“The HSE would like to stop classroom experiments”. Untrue - experiments are good for our children
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Home > News > Health & Safety Executive - Myth about school experiments

30th November 2009

Health & Safety Executive - Myth about school experiments

The Health & Safety Executive (HSE) exists in order to prevent death, injury and ill health to those at work and those affected by work activities, and contrary to what you might read or hear in the media, this is about saving lives and not stopping people living.

To try to overcome some of the myths which have grown up over time, the HSE website publishes a “Myth of the Month” which aims to present the real truth behind some of the public perceptions of health and safety regulations.

The claims often made by the media about the activities that are banned due to health and safety are completely unfounded. All the HSE seeks to achieve is a balance between the unachievable aim of absolute safety and the kind of poor management of risk that damages lives and the economy. Risk management should not be merely a bureaucratic exercise, but about protecting people from real harm by taking practical, realistic measures.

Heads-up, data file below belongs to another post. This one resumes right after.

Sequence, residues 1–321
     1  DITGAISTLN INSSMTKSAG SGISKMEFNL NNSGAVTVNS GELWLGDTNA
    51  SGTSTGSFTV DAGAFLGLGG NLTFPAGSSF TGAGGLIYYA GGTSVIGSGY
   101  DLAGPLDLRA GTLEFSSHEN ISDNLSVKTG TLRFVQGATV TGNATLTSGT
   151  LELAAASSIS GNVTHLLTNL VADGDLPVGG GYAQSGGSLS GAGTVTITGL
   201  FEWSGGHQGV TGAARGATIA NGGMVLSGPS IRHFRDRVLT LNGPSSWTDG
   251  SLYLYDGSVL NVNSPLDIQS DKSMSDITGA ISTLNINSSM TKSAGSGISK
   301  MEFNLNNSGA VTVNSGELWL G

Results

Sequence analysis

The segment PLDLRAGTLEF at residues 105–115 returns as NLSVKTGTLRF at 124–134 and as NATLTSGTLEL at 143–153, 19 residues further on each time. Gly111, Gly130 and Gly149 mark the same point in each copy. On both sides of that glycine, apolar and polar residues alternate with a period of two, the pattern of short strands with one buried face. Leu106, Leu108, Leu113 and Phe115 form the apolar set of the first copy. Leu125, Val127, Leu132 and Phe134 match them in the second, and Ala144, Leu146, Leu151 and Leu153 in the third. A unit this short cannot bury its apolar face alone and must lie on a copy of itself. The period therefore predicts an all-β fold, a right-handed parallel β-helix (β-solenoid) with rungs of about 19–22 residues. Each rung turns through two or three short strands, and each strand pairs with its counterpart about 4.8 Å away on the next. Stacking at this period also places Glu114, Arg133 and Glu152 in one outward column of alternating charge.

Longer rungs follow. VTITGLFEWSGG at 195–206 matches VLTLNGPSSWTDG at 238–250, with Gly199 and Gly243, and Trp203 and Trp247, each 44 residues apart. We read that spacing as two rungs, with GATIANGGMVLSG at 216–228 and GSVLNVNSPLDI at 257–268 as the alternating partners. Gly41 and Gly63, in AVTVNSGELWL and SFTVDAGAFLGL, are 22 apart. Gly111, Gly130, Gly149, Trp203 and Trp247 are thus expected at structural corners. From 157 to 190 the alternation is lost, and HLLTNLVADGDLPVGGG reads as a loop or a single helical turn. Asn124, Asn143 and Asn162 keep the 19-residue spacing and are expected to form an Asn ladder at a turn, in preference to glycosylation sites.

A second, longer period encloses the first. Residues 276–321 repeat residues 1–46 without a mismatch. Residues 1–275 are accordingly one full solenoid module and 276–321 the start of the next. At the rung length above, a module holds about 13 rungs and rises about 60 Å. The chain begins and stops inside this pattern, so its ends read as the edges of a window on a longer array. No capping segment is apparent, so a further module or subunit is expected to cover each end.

Stop classroom experiments

The November myth surrounds the misconception that the HSE would like to stop classroom experiments, on the grounds of Health and Safety.

The reality is that the HSE agrees that hands-on lessons are an essential part of learning. They teach our children about handling dangerous substances with safety, and help them learn how, and why, risk management should be implemented. And they bring to life the subject of science which can often be seen as boring or irrelevant.

For more information on the November myth, and to read other myths which the HSE are seeking to scotch, please visit The Health & Safety Executive site.

For more information on legislation that applies to educational establishments please visit our page on accidents in schools, colleges and universities.

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